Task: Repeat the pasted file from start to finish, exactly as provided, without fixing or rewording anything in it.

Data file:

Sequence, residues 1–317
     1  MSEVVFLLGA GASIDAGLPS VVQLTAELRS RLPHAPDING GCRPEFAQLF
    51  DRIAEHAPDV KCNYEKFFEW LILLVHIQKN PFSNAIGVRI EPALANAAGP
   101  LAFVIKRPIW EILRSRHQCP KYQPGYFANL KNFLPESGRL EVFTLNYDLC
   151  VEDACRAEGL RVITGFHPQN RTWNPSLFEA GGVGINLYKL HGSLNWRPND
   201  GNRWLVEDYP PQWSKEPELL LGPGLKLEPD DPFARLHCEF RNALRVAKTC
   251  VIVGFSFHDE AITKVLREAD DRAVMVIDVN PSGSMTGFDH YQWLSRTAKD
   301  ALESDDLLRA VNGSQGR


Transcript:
Sequence, residues 1–317
     1  MSEVVFLLGA GASIDAGLPS VVQLTAELRS RLPHAPDING GCRPEFAQLF
    51  DRIAEHAPDV KCNYEKFFEW LILLVHIQKN PFSNAIGVRI EPALANAAGP
   101  LAFVIKRPIW EILRSRHQCP KYQPGYFANL KNFLPESGRL EVFTLNYDLC
   151  VEDACRAEGL RVITGFHPQN RTWNPSLFEA GGVGINLYKL HGSLNWRPND
   201  GNRWLVEDYP PQWSKEPELL LGPGLKLEPD DPFARLHCEF RNALRVAKTC
   251  VIVGFSFHDE AITKVLREAD DRAVMVIDVN PSGSMTGFDH YQWLSRTAKD
   301  ALESDDLLRA VNGSQGR